Music has many benefits for children and adults and a new study adds one more to the list: executive function. Executive function is the term for a series of high-level cognitive processes like problem solving, planning, and behavioral regulation. Research from the Boston Children’s Hospital finds that musical training can improve executive function in both children and adults. The results suggest that musical training could boost children’s academic performance.
Children and adults participated in the study. The researchers compared a group of 15 musically-trained children aged nine to 12 with at least two years of private music lessons to a group of 12 age-matched children with no musical training. They also compared 15 adults who were active professional musicians to 15 adults who were not musicians. All the participants completed a series of cognitive tests. In addition to the cognitive tests, the children performed a task-switching test while undergoing a functional MRI (fMRI) scan. Since demographic factors influence whether children have access to music education, the researchers controlled for factors like parental education and family income.
Both the musically-trained children and adults performed better in the cognitive tests than their untrained peers. The musically-trained participants tested better specifically in several executive function categories. The fMRI scans revealed that children with musical training had enhanced activation in areas of the pre-frontal cortex associated with executive function.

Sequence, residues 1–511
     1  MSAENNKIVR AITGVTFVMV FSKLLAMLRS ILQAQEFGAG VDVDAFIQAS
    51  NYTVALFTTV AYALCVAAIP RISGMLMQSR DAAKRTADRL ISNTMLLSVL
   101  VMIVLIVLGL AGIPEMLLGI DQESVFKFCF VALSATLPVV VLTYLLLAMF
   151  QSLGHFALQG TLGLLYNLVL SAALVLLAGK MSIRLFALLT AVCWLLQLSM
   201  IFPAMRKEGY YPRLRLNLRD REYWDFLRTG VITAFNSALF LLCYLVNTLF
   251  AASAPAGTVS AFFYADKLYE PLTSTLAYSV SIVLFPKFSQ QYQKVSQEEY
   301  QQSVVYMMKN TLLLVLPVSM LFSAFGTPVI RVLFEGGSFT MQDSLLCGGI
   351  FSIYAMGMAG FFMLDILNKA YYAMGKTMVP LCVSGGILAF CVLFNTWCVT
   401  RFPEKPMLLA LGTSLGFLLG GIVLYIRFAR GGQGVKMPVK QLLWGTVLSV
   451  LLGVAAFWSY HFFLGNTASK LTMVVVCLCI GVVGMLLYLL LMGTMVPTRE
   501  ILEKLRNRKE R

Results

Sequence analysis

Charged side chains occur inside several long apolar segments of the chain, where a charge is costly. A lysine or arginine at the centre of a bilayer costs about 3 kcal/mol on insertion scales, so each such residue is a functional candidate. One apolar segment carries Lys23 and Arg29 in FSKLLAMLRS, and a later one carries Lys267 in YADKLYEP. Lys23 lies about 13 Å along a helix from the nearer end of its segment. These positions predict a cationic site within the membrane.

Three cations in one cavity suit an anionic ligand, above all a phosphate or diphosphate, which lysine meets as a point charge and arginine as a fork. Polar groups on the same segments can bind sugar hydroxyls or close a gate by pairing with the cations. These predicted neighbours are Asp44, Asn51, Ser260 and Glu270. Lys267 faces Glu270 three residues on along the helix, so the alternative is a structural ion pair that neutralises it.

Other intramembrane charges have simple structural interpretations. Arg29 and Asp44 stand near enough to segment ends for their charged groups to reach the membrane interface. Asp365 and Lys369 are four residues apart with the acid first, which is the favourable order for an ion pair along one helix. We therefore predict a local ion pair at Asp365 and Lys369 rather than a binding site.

The findings indicate that there may be a biological link between musical training in childhood and executive functioning later on. The study also has implications for education because executive function is a strong predictor of academic achievement. Music training could be an effective intervention for children with disorders that inhibit executive function like ADHD or autism. However, it is not certain whether children with strong executive function skills are drawn to music or if musical training enhances executive function on its own.
“While many schools are cutting music programs and spending more and more time on test preparation, our findings suggest that musical training may actually help set up children for a better future,” commented senior investigator Nadine Gaab, Ph.D., from the Laboratories of Cognitive Neuroscience at Boston Children’s.
This research is published in the journal PLOS One.
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